your cat sitter can contact you if there's any problems i'm sure. kidney and thyroid issues are very common in older cats. its both of those conditions together that caused us to have our cat pts but he was 17.

DonkeysDontRideBicycles Fri 10-Jul-15 11:13:26

I feel if she were my pet I would want to try treatment. If your friend doesn't fancy the extra responsibility it is an extra headache but in a fortnight a lot can happen.

FizzyFeet Fri 10-Jul-15 11:17:28

We had a similar situation, a week before going on holiday, with sudden kidney failure in one of our cats. We decided to treat her, then put her into a cattery with instructions to PTS if she took a turn for the worse. We trusted the cattery owner and the vet to do what was in the best interests of the cat. The vet was 50:50 about her chances, but she made it through and is still fine many months later. We knew fairly early whether she was likely to make it or not, so given that you have a fortnight to see how your cat responds, I would do it. Our cat switched to renal food with no problems, and has a twice-daily dropperful of potassium liquid, so the after care has not been a big hassle. Every case is different though so I would talk to your vet about the chances of treatment working and the likely after care the cat will need.

JollyGolightly Fri 10-Jul-15 12:02:25

I would have her pts, as heartbreaking as it will be. I've learned the hard way that it's the far kinder and more responsible thing to do; keeping them going is not in their interests. I look back and feel guilty that I did not do the right thing by some of my beloved pets, and prolonged their lives after their enjoyment of life had gone. She has limited time left anyway and what is left will be of poor quality, you can do the decent thing and still have your holiday.

crapfatbanana Fri 10-Jul-15 12:18:32

It's a hard one,but as mentioned by the vet above you have a couple of weeks to see how the treatment goes.

I am in a similar position with my cat. She is 12 years old and since last August has been treated for congestive heart failure because of hyperthyroidism. Her prognosis was 3 to 9 months, so we are now on borrowed time but she still seems to be okay although quite slow and thin and she sometimes coughs and struggles to breathe a little bit because of the fluid. We are going to be away for about three weeks from the beginning of August and I am quite scared that she may suddenly decline during the time we are away and that when we return she will be no longer with us. But I can't bring myself to have her put to sleep now when she is still eating and quite happy - at times even playful.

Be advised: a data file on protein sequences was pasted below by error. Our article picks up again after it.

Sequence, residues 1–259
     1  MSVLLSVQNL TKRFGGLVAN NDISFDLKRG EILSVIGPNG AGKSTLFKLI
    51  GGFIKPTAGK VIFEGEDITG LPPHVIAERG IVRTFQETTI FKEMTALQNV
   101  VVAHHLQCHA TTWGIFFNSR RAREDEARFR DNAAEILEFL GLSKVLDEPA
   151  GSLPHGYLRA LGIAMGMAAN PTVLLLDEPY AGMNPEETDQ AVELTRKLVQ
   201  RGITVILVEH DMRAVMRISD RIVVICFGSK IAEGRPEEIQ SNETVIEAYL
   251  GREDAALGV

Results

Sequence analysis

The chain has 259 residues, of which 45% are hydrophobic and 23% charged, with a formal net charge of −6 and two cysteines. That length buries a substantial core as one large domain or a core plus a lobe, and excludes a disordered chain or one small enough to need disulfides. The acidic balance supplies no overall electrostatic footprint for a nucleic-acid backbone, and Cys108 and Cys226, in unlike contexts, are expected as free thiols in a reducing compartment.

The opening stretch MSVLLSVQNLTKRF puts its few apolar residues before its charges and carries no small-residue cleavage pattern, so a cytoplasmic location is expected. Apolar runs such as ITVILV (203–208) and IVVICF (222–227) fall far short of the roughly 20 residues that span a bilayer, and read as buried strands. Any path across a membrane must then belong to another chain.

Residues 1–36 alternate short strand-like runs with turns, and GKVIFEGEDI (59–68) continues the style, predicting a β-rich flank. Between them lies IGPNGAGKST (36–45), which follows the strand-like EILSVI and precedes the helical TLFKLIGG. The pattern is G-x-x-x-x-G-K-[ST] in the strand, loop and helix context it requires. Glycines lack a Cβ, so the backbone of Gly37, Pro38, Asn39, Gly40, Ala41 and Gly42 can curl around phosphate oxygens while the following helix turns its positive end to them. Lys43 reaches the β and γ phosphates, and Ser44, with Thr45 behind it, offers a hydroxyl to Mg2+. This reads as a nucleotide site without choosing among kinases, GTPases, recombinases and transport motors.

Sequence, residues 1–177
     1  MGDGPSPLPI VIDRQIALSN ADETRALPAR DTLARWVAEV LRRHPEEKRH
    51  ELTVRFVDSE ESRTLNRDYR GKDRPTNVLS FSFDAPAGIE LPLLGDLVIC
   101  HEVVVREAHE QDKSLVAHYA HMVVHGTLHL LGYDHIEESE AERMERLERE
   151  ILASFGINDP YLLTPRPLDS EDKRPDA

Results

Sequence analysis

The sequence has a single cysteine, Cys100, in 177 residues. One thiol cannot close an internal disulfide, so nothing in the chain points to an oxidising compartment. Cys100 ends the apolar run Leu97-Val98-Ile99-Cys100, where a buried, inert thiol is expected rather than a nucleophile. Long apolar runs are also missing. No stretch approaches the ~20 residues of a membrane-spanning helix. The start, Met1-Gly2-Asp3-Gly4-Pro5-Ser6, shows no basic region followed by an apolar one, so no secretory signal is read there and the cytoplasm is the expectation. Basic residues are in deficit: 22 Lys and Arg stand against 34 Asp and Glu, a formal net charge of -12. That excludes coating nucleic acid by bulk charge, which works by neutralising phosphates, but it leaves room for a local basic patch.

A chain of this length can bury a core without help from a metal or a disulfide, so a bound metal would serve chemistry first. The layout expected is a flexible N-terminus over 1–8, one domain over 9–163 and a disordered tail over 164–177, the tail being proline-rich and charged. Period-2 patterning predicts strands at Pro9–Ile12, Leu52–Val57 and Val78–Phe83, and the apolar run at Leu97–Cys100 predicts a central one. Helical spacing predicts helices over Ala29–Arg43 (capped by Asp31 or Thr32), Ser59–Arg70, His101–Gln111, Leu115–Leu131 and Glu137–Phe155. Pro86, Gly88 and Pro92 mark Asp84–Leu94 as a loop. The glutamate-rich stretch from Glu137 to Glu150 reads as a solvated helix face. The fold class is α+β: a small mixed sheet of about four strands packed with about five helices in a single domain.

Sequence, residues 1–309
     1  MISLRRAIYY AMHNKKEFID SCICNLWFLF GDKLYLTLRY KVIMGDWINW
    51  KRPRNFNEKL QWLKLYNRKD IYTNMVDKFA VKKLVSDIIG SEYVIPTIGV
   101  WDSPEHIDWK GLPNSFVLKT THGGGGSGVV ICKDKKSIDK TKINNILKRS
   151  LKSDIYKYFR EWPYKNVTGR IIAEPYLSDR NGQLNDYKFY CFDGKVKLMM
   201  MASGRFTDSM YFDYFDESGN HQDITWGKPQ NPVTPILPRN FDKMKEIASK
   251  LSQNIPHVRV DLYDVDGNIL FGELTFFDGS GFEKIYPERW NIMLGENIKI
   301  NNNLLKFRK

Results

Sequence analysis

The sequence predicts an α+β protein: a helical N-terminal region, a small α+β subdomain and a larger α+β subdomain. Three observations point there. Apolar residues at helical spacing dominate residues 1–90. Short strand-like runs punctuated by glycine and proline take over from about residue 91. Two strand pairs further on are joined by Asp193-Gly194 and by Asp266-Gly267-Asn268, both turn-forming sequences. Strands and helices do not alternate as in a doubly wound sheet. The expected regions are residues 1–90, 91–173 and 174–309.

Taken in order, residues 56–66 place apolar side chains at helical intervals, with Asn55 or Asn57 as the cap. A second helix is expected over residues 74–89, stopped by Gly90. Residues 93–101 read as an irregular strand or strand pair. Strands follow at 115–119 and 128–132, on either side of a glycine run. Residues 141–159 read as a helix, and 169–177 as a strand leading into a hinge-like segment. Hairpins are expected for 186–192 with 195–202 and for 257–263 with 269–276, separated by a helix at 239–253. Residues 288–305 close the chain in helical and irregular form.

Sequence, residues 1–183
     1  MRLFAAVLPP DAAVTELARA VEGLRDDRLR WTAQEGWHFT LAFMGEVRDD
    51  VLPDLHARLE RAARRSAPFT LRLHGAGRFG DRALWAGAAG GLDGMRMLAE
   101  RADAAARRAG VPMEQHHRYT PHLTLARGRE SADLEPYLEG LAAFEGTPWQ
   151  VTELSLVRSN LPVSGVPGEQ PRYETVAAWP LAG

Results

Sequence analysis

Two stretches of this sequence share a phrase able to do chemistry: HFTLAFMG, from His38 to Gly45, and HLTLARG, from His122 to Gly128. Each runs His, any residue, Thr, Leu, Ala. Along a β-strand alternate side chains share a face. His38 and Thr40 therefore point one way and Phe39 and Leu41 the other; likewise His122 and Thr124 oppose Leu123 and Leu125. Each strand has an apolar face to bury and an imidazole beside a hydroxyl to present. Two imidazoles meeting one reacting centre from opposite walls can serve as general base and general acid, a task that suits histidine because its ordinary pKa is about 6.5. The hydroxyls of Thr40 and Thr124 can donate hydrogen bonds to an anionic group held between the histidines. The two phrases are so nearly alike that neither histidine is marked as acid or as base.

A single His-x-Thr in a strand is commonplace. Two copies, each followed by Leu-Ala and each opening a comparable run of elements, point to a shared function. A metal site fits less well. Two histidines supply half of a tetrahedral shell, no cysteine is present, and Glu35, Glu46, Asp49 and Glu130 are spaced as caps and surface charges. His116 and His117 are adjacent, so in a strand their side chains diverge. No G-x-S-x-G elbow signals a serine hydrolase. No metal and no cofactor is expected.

Best of luck with your decision and I hope you continue to have lots of love and pleasure from your little cat for as long as you can.

googoodolly Fri 10-Jul-15 12:57:58

It's so tough. My two year old tom recently had a blocked urethra and suspected kidney problems, it was horrible waiting for those blood results! Luckily he's okay, but DP and I decided that if the worst happened and he had kidney failure, we'd put him to sleep. I love him to bits, but kidney failure can't be reversed - if it was just damage, I would say go for treatment, but the end result is going to be having her put to sleep anyway, whether it's now or in three or four months.

Don't put her through any unnecessary suffering, though. If you think you want to try treatment, that's your choice but please accept that it won't cure anything, it will just keep her stable for a bit longer.

RainbowFlutterby Fri 10-Jul-15 13:02:52

If it was RainbowCat then either DP or I would stay home. RCat is v. old and this has already been discussed sad

cozietoesie Fri 10-Jul-15 13:21:35

I just don't go on holiday. Seniorboy is very old and simply wouldn't understand if his person was absent for any extended period - and with his very limited eyesight, I couldn't any longer take him with me, realistically, if I was to go away inside the UK. Hey Ho.

Liney15 Fri 10-Jul-15 17:13:53

Our cat who's now 14 collapsed with kidney failure 2 years ago. She was 48 hours on a drip and it was touch and go but she pulled through and is still going strong with daily tablets and 6 week visits to the vets for injections. She has a good quality of life and is very happy sitting in the sun at the moment.

OMGmetoo Wed 15-Jul-15 23:27:40

Wow, I didn't realise this thread had so many responses, thank you everyone.

On Friday we decided to have the weekend to say goodbye then have her PTS only... Metoocat suddenly perked up over the weekend, started eating lots, and drinking normally. This, we thought, is not an ill cat. We took her for a second opinion, and we're told that if she is acting normal then she's probably ok for now. smile

She loves her new food! She's eating twice as much as before! She takes her medicine! And we live near one of the vet nurses so she is going to be our pet sitter and we can go away.

We have had our cries and said our goodbyes, so we like having this little exta chance.

AlpacaMyBags Wed 15-Jul-15 23:50:15

Message withdrawn at poster's request.

sparkysparkysparky Thu 16-Jul-15 05:59:29

Fab to hear.

favouritewasteoftime Thu 16-Jul-15 06:23:55

Depending on her blood work numbers she could be fine for a good long time yet. My lovely cat has had 18 months of being completely strong and playful since his first diagnosis. You can also ask about phosphorus binders as an alternative to the prescription diet so she can continue eating her usual food.

cozietoesie Thu 16-Jul-15 07:56:47

smile

Very pleased for you all. Kidney problems can be such a rollercoaster ride that it's nice to hear a positive story.

ExitPursuedByABear Thu 16-Jul-15 21:37:09

Great news. Enjoy your hols.